Max Dickins (alumni of last year’s Fringe smash hit The Trunk) returns to Edinburgh this summer with his one man show The Man on the Moor – a driech fictional tale based broadly on fact that is a sombre yet ultimately uplifting portrayal of a son on the hunt for his dead father and those poor souls around the UK in a comparable situation.

Dickins invites us to a group-meeting focusing on loss and grief, an appointment of sorry souls trapped inside a community centre on a never-ending loop attempting to explain their despair. How does one just let go of a person that they once held so dear?  Dickins glides like a shadow across the stage in effort to show us, splicing between each character’s regional accent with relative ease, showing us the grief and heartbreak that such a burden can hold on someone. Towards the latter stages of the story Dickins describes to us a manic tale of the main character’s search through his father’s last steps, leading us through the dreary moors of England, up several thousand feet of grassland to the sea where a loved one ultimately came to die; a chapter akin to the otherworldly scribblings found in Lanark by Alasdair Gray.

It is an informative, dramatic monologue that invokes a sense of dread that some viewers may find a little too harrowing. At times, Dickins appears to lose his place amongst the different characters, however these minute details are hardly noticeable nor discouraging to the overall experience. If you’ve been led to think it’s all a little too ‘gloom and doom’ then think again, as some comic relief is thrown in in the form of Colin, Matthew’s mum’s new boyfriend; the kind of bloke that talks too loud and listens too little at your local.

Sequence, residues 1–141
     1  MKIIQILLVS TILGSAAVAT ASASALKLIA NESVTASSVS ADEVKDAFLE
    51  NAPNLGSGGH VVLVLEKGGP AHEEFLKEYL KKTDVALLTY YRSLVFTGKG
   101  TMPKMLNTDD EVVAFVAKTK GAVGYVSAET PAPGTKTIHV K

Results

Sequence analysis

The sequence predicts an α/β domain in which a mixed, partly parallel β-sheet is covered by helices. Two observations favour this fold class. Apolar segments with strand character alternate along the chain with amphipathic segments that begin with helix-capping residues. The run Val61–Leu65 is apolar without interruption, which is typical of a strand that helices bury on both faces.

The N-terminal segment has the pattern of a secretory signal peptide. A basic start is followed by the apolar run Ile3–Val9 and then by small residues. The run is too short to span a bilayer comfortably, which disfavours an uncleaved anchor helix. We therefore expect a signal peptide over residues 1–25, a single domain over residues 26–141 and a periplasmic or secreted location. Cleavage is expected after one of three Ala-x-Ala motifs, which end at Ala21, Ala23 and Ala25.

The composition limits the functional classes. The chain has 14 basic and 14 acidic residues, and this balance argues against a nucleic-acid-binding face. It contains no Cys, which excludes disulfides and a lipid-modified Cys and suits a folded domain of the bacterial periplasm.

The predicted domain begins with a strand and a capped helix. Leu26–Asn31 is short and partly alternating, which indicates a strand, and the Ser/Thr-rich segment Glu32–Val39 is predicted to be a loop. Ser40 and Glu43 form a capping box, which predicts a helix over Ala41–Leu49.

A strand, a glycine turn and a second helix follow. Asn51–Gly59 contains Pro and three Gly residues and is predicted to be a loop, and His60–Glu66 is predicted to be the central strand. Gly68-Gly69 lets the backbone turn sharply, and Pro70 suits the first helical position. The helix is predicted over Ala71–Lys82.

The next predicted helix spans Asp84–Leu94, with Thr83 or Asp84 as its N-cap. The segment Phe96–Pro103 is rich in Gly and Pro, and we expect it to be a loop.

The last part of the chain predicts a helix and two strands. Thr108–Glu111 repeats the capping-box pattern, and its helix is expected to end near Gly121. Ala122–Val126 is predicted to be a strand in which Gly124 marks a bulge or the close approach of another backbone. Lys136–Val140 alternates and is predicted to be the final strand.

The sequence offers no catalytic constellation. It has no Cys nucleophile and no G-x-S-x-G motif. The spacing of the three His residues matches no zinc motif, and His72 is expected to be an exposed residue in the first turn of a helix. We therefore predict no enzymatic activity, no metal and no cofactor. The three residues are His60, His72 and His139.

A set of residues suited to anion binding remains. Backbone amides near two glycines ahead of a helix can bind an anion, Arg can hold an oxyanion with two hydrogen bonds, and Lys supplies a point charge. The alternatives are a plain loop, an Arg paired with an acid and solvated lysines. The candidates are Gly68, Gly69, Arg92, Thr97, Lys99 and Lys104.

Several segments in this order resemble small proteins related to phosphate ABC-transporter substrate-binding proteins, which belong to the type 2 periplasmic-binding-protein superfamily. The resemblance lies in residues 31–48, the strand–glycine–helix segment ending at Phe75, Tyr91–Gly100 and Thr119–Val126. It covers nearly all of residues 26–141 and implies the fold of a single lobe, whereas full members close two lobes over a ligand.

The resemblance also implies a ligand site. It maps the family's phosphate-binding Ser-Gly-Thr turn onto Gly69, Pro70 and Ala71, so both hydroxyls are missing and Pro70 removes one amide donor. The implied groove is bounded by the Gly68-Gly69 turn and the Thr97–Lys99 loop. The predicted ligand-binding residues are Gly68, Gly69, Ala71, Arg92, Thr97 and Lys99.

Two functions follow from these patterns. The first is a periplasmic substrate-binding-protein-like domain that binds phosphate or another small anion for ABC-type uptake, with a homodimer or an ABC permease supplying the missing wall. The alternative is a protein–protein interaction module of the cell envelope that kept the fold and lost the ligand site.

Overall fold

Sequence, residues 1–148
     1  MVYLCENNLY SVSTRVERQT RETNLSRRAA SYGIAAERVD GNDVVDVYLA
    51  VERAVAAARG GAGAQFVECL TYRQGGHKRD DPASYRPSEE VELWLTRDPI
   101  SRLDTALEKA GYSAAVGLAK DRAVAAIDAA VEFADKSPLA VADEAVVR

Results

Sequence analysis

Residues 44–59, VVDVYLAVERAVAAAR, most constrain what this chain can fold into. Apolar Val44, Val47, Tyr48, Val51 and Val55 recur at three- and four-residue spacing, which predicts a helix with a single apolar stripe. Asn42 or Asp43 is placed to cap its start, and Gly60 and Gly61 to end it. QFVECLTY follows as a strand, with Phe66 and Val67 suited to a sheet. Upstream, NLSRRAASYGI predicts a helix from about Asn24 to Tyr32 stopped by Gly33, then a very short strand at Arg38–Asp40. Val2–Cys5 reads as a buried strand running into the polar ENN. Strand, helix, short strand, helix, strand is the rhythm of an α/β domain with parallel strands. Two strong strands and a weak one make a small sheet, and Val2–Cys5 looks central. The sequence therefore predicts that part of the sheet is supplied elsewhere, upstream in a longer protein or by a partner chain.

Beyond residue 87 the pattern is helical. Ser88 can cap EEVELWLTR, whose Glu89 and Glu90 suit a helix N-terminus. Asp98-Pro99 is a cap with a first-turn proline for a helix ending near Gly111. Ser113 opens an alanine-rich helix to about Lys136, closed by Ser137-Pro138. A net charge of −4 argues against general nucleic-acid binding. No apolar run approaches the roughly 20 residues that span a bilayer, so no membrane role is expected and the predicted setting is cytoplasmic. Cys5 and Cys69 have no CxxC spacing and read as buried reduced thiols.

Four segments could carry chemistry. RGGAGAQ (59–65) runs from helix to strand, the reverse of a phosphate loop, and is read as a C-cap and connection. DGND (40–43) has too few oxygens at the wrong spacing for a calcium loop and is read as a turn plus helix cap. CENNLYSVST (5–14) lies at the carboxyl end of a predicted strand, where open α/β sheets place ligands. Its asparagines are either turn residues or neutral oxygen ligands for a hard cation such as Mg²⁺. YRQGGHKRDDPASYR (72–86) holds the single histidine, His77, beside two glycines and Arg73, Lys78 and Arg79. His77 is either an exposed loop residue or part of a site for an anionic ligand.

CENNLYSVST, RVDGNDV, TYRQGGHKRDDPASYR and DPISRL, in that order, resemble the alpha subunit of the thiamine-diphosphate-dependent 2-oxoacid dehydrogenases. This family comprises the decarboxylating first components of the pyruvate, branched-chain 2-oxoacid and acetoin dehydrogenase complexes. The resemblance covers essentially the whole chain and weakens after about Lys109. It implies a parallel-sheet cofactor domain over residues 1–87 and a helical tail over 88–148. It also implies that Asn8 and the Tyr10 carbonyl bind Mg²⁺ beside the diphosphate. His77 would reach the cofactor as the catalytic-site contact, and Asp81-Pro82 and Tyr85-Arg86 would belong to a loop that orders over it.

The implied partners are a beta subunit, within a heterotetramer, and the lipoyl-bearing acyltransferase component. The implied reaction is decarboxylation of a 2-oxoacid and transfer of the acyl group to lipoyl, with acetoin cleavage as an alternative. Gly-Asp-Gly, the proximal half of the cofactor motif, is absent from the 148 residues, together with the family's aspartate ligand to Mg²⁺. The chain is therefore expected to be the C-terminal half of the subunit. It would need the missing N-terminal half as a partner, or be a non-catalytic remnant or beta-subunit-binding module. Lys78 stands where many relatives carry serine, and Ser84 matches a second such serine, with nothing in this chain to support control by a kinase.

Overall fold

By the end a sigh of relief is allowed as the overhead projector, after conveying to us the true statistics of missing persons in the UK, grinds to a halt. Dickins returns to the stage, bowing at the sold out crowd. He’s achieved an eye-opening, uncomfortable tale of loss and tragedy, allowing us only a brief glimpse of light in the tunnel towards the latter stages of the performance.

Worth going?

The Man on the Moor runs until 27th August at Underbelly Cowgate, 15:00.